News Round-Up

--ANT Reports Higher H1 Revenues, Lower Losses
--BBC Outlines iPlayer Design Strategy
--Evolution Digital to Incorporate EBIF into its DTA's
--Harmonic Reveals Exhibit Plans for IBC
--IMPALA Welcomes BBC's Decision to Open Source its MHEG+ Toolkit
--Netgem Posts Strong H1 Financial Results
--Sony Launches Qriocity OTT VOD Service in France, Germany, Italy, Spain, UK
--Interactive TV Company, Two Way Media, Launches Web Game on

Here is a round-up of some other recent interactive TV-related stories that we didn't have room for in this issue:

  • Cambridge, UK-based digital TV client software company, ANT, has released financial results for the first half: revenues totaled £2.1 million, compared to £2.0 million for the year-ago period; and losses from operations totaled £0.5 million, compared to £0.9 million.
  • The BBC has published a detailed account on its BBC Internet blog of the design strategies it has been following--and the design challenges it has overcome--in developing the new version of its BBC iPlayer broadband VOD platform. "Good design is simple, reducing complex tasks to straightforward sequences of elegant interactions, making sure that there is no unnecessary step in the way," the account explains. "The big design challenge for the next version of iPlayer was how to create this simplicity in light of more features and functionality without overwhelming our audience."
  • Evolution Digital plans to use EBIF as a quasi-middleware layer within its one-way DTA's, in order to support customizable user interfaces and video apps, according to a report by Jeff Baumgartner in Light Reading Cable. Evolution says that it has formed a partnership with an unnamed provider of EBIF user agents and "envisions the creation of an open architecture that would allow third parties to write EBIF apps for its DTA's," Baumgartner writes.
  • Harmonic has announced its exhibit plans (booth 1.C61) for the IBC in Amsterdam next week. It says it will unveil several product enhancements, showcase its portfolio of solutions for delivering video to multiple devices, and conduct a demo of 3D compression powered by its Electra encoders, which it says are capable of supporting frame-compatible 3D video.
  • The International MHEG Promotion Alliance (IMPALA), an organization that was set up in 2006 by Strategy & Technology, Cabot Communications and EchoStar Europe to promote use of the MHEG middleware standard beyond the UK (where it powers the free-to-air Freeview and Freesat services), has welcomed the BBC's recently announced open source release of its MHEG+ programming language and toolkit using the Apache 2.0 license (see the article published on, August 23rd). The organization says that its founder members will be releasing MHEG+ extensions that support international profiles into the open source process started by the BBC.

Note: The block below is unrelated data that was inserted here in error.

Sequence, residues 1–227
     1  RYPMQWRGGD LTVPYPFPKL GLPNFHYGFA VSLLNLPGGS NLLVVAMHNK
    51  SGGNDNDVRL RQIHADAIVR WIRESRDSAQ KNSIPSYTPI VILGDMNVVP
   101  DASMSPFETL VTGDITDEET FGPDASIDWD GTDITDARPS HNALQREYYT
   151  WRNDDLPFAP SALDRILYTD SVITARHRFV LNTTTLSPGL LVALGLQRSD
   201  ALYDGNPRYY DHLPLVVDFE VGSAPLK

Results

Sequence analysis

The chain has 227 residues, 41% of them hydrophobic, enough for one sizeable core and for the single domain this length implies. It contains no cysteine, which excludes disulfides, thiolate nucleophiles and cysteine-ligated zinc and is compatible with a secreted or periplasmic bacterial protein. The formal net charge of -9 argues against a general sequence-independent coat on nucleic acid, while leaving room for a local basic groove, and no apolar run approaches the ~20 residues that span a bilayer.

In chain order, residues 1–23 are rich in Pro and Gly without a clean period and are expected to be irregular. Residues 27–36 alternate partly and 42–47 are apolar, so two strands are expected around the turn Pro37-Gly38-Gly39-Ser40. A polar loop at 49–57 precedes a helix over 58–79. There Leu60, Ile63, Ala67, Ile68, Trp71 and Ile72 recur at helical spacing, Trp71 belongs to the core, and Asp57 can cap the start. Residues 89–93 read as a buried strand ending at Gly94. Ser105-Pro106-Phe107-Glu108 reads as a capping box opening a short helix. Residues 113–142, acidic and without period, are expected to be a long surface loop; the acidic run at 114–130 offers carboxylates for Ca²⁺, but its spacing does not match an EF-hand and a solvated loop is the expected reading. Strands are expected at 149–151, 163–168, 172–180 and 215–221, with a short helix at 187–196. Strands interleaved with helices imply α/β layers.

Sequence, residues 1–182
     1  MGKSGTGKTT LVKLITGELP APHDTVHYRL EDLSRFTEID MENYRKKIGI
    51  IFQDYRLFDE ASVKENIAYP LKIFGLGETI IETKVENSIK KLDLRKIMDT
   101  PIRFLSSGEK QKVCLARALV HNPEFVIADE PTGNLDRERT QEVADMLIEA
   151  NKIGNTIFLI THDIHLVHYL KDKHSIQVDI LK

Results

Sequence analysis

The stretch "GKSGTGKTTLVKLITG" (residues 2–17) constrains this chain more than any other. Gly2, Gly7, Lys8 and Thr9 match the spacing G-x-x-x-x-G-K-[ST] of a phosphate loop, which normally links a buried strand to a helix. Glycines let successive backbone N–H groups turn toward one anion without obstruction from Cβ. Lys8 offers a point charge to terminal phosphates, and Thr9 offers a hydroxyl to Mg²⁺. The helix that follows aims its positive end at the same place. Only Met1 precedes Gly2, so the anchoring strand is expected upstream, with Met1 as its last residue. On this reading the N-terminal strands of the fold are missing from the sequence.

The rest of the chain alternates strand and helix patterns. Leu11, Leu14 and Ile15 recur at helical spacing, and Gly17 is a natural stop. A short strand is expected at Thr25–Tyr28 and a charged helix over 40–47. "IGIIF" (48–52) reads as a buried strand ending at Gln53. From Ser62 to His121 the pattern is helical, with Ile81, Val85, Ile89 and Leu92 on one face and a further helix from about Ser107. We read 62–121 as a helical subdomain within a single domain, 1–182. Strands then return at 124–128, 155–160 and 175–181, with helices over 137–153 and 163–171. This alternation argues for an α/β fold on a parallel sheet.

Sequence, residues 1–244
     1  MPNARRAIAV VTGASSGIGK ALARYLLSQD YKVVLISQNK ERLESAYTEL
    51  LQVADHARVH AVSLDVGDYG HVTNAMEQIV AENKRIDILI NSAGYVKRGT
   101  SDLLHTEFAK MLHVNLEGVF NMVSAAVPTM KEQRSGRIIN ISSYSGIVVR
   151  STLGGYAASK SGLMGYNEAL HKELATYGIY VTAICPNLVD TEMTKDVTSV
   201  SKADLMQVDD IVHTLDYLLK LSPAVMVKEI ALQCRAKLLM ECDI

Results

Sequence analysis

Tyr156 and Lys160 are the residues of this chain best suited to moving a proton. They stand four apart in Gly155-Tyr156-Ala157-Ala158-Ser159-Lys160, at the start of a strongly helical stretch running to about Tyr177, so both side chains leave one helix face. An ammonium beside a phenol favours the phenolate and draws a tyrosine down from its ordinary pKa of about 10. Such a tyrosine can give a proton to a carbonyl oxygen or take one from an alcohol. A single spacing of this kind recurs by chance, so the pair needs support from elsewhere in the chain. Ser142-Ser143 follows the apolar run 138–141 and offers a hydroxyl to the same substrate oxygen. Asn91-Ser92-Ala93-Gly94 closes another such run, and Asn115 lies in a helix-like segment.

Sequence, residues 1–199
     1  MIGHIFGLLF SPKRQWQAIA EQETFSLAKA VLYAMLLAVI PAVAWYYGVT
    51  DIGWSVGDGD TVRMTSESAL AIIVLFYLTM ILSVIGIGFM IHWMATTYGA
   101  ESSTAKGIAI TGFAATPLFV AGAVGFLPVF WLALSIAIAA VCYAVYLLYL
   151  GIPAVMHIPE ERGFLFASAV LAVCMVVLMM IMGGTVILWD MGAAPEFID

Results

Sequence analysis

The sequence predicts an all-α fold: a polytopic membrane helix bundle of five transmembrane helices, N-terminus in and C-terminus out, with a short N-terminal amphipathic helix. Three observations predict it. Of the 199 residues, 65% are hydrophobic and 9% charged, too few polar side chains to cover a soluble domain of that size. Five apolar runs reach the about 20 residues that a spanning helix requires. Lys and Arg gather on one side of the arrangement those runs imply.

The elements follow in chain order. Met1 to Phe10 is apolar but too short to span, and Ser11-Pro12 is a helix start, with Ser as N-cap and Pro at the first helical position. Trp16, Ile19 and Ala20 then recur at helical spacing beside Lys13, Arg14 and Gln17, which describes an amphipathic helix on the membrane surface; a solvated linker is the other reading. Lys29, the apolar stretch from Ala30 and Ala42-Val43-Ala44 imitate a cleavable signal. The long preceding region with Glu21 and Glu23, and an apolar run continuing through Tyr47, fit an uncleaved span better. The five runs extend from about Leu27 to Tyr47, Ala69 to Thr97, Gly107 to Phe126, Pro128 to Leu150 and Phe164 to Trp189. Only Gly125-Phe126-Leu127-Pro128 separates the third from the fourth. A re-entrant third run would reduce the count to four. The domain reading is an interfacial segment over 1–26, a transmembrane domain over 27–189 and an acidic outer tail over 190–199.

• Set-top box and middleware provider, Netgem, has posted strong financial results for the first half: revenues, at EURO 74.3 million, were up 6% from the year-ago period; operating profits, at EURO 25.9 million, were up 34%; and net profits, at EURO 19.7 million, were up 54%.
  • Sony has announced the launch of its "Video On Demand Powered by Qriocity" service in France, Germany, Italy, Spain and the UK. The service, which has been available in the US since April, allows users to access a range of content from major studios through Sony's 2010 Bravia connected TV's and Blu-ray Disc players and home theater systems.
  • UK-based interactive TV applications developer, Two Way Media, has announced the launch of a new casual game, called "Word Up," on UK cable operator Virgin Media's Web site (note: the company also recently announced that it had teamed with FremantleMedia to launch two new interactive TV games on Virgin Media's cable TV platform--see the article published on, August 18th). According to the company, "Word Up" is "a TV-themed entertaining word game where you collect the names of TV shows, characters and celebrities. The game is a word search within a word search," Two Way Media explains in its press materials. "First you find words in a grid of letters; words are made by linking together adjacent letters. When a word is made it is removed from the grid and any corresponding letters in the TV name puzzle are crossed off. Your aim is to cross off all the letters of the TV name puzzle. The game is played against the clock, with wild letters and score boosters adding to the excitement." Two Way Media--which enjoys a long relationship with Virgin Media--says that "Word Up" is the first in a range of casual Web games that it plans to launch over the coming months and that will be based on its catalog of interactive TV games.